Bringing Home the Bacon
August 1, 2007
BREAKFAST SAUSAGE AND BACON
Bringing Home the Bacon
By Megan Pellegrini, contributing writer
The breakfast sausage and bacon category is heating up with creative, value-added products.
Wt wasn’t long ago that roll sausage seemed to be well on the way out, notes Nancy Cowen, director of marketing for Bob Evans Farms. But now even this old standby is alive and kicking again thanks to the current breakfast craze, which seems to extend to all things breakfast-related.
Certainly, McDonald’s and its fast-food competitors are showing a renewed interest in the $40 billion breakfast category. In this year alone, Starbucks launched breakfast sandwiches, Burger King introduced a cost-conscious breakfast menu, some Wendy’s and Potbelly’s began offering breakfast items, and Taco Bell and Subway both announced plans to begin serving breakfast items. For its part, McDonald’s will soon be launching a $1 breakfast menu and trying to encourage franchise owners to open their doors by 5 a.m.
Early risers have plenty of breakfast options in the grocery aisles, as well. In early 2000, the Atkins Diet was a boon to the breakfast sausage and bacon category. Now that there’s not a single fad diet in the spotlight, consumers are back to good old calorie counting and creating their own diet strategies.
Although consumers still want satiety and taste in their morning grub, more than 40 percent are concerned with fat content, according to an April study from Chicago-based Mintel International Group. A reluctance to overindulge could be reflected in the $2.85 billion category’s relatively flat numbers this year. According to ACNielsen, based in Schaumburg, Ill., as of June 30th, the category was down by less than 1 percent.
|Top 5 Refrigerated Breakfast Sausage/Ham Brands*|
|Top Brands||Dollar Sales||Dollar Sales % Chg YAgo||Dollar Share||Unit Sales||Unit Sales % Chg YAgo|
|1. Jimmy Dean||$186,808,800||15.20||21.16||63,360,400||14.73|
|2. Bob Evans||$116,072,400||(1.35)||13.14||34,642,360||(0.41)|
|3. Private Label||$73,680,420||4.07||8.34||31,710,730||2.68|
|5. Tennessee Pride||$46,738,720||1.98||5.29||16,977,750||1.94|
|*TOTAL U.S. - F/D/MX (supermarkets, drugstores, and mass merchandisers (excluding Wal-Mart)), for the 52 weeks ending July 15, 2007.|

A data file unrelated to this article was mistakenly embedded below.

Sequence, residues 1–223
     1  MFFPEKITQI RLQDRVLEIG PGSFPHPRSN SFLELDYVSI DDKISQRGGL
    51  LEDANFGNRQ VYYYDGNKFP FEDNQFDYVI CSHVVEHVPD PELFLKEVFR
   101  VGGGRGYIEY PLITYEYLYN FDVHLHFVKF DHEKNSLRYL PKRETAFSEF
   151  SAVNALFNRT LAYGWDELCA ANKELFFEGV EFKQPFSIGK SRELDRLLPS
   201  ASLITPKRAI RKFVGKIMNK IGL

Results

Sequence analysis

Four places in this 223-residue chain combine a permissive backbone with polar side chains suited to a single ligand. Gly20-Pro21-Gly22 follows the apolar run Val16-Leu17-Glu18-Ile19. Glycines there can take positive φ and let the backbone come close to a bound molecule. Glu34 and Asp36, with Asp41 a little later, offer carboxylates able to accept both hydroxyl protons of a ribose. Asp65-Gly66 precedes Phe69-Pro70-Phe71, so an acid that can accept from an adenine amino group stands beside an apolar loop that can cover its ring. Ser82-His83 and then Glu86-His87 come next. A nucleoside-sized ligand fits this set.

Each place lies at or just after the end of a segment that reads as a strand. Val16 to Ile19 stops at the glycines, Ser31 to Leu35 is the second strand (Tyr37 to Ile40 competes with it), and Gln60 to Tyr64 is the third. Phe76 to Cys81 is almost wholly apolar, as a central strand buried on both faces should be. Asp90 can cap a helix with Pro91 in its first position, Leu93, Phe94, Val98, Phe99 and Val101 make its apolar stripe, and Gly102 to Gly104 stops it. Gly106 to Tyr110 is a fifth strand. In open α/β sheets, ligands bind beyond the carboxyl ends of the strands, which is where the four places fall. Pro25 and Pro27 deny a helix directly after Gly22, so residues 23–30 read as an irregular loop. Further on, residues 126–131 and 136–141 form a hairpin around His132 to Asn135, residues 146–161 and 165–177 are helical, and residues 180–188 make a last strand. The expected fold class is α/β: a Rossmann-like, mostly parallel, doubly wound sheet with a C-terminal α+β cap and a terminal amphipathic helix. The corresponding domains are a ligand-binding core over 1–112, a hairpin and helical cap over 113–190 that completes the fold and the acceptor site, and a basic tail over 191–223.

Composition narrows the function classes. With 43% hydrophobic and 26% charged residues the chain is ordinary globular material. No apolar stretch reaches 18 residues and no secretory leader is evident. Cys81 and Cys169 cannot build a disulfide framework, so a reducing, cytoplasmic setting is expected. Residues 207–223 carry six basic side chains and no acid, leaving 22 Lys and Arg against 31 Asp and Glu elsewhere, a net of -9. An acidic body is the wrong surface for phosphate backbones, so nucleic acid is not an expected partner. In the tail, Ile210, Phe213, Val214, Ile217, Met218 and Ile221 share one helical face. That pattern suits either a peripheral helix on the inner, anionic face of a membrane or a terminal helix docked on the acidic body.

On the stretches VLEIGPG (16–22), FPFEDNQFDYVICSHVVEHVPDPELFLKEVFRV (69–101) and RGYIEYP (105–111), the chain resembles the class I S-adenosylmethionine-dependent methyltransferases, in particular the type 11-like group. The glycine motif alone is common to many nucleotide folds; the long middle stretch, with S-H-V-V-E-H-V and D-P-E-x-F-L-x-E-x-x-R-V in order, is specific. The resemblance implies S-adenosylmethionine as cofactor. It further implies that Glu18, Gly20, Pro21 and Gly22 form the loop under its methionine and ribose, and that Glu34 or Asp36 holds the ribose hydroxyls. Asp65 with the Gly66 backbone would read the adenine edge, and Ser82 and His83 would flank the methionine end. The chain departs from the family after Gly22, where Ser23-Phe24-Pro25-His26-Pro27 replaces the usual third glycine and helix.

Source: Information Resources Inc.
|Top 5 Refrigerated Bacon Brands*|
|Top Brands||Dollar Sales||Chg %||Dollar Share||Unit Sales||Chg %|
|1. Private Label||$411,431,300||2.82||20.17||142,548,700||(1.19)|
|2. Oscar Mayer||$411,255,100||4.75||20.16||107,061,600||2.90|
|3. Hormel Black Label||$137,363,200||5.40||6.73||38,996,030||2.12|
|Source: Information Resources, Inc. (IRI), Chicago. Total U.S. F/D/MX (Supermarkets, drugstores and mass merchandise outlets, excluding Wal-Mart)|
The good news is that one-third of breakfast eaters still take into account protein content when selecting breakfast products. Sausage, in particular, is consumed by 75 percent of U.S. households, reported Mintel. However, to ease the morning commute, consumers are more inclined to prepare sausage on the weekends (47 percent) than the weekdays (26 percent).
“We seem to have customers who are still taking the time to cook breakfast, but there’s also tremendous growth in the pre-cooked business,” says Mike Townsley, executive vice president of Bob Evans Farms food products division in Columbus, Ohio. “Convenience is the nature of the game, and that’s where growth has been.”
Bob Evans has embraced the convenience trend by launching its Bob Evans Express line of fully cooked sausage and bacon and Snackwiches, a line of breakfast sandwiches. Bob Evans posted sales gains of 1.5 percent to 2 percent last year, noted Cowen.
Sara Lee, the Downers Grove, Ill.-based leader in the total breakfast protein market, is also offering portable, convenient options with its breakfast sandwiches, heat-and-serve bagged sausages and omelets, and the kid-friendly Pancakes & Sausage Stick. Its Jimmy Dean Breakfast Bowls and Jimmy Dean Breakfast Skillets also allow consumers to prepare their breakfast with little mess or fuss. Indeed, Mintel reports that almost half of breakfast carnivores eat their meal in the form of packaged, pre-made breakfast meals or in breakfast sandwiches.
Consumers still want taste, however. And roll sausage seems to be one of the ways they can pump up their recipes. According to ACNielsen, roll sausage saw a nearly 4 percent jump in volume in 2006, after a long period of decline.
“It’s used as an ingredient for all meals, not just breakfast,” says Townsley. “People want flavor and seasoning that is pleasing to the palate. They don’t want bland ground beef.”
Bacon is also moving beyond breakfast and can be regularly found in sandwiches, crumbled on salads or accompanying chicken, green beans and other items on the dinner plate.
What’s more, the precooked bacon segment is also growing. ACNielsen reports that precooked bacon sales have grown 9 percent since last summer.
“This isn’t surprising as consumer trends continue to move toward premium and convenient products,” says Beth Goeddel, senior brand manager for Madison, Wis.-based Oscar Mayer, a subsidiary of Kraft Foods. “Both are well aligned with consumer trends.”
The new Oscar Mayer Stay-Fresh Reclosable bacon package addresses lingering consumer dissatisfaction with traditional bacon packaging.
“It’s the first true packaging innovation in the category in the past 80 years,” says Goeddel. “Bacon packaging really needed improvement, and we’re happy to have meet the consumer need for a no-mess, reclosable container.”